Cleanliness is next to Godliness

Being clean is a sign of spiritual purity or goodness, as in ‘Don’t forget to wash your ears—cleanliness is next to godliness’. This phrase was first recorded in a sermon by John Wesley in 1778, but the idea is ancient, found in Babylonian and Hebrew religious tracts. Society today still invokes it, often as an admonition to wash or clean up.

If you ever hike in the Californian desert, as I did on the Pacific Crest Trail (PCT) in 2019, your chances of achieving cleanliness will be as remote as achieving godliness. There is limited access to water and most hikers avoid soaps and other toiletries because of their detrimental impact on the environment and their weight.

You won’t die. Just wait for a shower at your next resupply town in a week’s time.

Ways exist for maintaining hygiene and cleanliness with limited resources.

To keep your bottom free of faecal matter which leads to uncomfortable butt chafe, wipe well after toileting with Wet Ones or toilet paper, and practice ‘Leave No Trace’ principles by always packing these items out in your dirty bag before disposing of them responsibly in designated garbage areas in trailside towns. Carry a small quantity of butt chafe cream to ease the problem should it develop.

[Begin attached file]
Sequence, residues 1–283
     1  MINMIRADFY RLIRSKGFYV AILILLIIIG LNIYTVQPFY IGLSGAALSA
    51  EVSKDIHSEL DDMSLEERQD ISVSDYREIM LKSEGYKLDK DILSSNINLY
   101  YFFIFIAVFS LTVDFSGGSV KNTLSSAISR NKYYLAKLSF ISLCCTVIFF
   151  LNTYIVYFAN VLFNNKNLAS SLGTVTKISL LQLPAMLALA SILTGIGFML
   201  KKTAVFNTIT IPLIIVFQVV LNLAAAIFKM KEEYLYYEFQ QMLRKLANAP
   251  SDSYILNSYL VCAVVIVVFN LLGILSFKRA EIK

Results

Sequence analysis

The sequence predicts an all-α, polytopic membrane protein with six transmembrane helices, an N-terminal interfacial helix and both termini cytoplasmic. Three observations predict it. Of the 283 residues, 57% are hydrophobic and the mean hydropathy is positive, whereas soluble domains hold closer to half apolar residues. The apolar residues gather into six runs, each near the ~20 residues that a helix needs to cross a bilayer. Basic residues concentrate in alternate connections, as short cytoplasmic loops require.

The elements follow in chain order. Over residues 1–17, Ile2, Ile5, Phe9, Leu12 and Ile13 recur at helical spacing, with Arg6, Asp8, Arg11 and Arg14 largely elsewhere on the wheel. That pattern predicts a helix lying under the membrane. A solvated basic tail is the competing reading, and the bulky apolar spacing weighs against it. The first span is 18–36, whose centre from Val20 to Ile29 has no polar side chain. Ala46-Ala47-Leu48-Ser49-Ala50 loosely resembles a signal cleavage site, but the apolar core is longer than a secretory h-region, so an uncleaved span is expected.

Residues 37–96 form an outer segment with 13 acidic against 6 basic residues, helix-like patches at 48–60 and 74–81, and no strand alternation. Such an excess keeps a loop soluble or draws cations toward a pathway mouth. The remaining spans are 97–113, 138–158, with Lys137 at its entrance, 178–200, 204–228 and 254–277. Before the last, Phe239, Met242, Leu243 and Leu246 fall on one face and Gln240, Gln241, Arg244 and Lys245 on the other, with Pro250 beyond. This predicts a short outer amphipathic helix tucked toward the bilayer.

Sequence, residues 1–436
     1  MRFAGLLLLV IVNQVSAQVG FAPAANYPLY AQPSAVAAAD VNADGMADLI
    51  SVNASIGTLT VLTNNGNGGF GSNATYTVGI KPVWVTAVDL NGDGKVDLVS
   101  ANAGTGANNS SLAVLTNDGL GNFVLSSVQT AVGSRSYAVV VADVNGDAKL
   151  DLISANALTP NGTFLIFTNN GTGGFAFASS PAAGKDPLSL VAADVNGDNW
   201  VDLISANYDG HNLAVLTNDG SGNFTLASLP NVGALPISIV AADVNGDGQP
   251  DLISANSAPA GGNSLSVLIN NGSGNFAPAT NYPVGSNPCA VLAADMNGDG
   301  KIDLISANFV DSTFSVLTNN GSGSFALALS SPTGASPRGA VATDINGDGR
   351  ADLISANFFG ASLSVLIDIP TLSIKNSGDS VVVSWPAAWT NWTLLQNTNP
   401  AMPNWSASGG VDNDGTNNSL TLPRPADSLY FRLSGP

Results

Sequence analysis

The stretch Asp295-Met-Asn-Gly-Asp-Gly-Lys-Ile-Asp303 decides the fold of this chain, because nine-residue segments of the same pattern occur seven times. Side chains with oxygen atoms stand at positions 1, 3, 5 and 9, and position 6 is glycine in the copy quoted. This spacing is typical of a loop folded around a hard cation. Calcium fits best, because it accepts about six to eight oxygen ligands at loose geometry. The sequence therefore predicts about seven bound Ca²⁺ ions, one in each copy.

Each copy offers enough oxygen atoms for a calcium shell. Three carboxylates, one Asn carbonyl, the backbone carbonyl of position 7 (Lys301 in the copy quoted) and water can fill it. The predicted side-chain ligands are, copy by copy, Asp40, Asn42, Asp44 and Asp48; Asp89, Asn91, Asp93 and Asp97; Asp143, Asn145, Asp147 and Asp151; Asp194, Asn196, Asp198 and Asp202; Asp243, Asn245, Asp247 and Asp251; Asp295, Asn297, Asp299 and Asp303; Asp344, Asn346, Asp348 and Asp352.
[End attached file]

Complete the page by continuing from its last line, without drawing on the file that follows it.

If you have spare Wet Ones left over, give your face a good wipe. Next, tackle your hands as you will need them for meal preparation. Inadequate food safety practices may see you susceptible to tummy bugs if your hands are dirty. Most hikers are aware substandard hygiene practices on the trail can quickly spread infection and germs to other hikers.

The primary measure hikers take to avoid cross-contamination with others is to greet each passing hiker with a fist pump, often an air one where no touching is involved, instead of the usual handshake. Since the spread of COVID-19, the entire world has become more cleanliness-focused, but in 2019 it was nice to see hikers employing their own safe practices for protecting others on the trail when they could not avoid the dirt and grime.

After you have washed your hands, clean any wounds with spare clean wipes, apply an anti-bacterial gel, and then cover with bandaids, plasters, or leukotape, or whatever clean taping you have available, to help avoid potential infection. Repeat this same routine with your feet—the part of your body that is getting you through this ordeal. Keep them clean and dry, paying particular attention to dirt between the toes, and treat blisters the moment you feel any burning sensations.

Finally, I sponge bath areas of my body that could do with a refresh and wipe my arms and legs. If I am out of Wipes and have enough spare water, I dampen a spare cloth or bandanna for this task.

You may choose to turn your underpants inside out if that makes you feel any better. Other than that, this routine kept me as clean on the trail as was humanly possible until my next much-awaited town stop.

‘Embrace the suck’ and enjoy being a grub.

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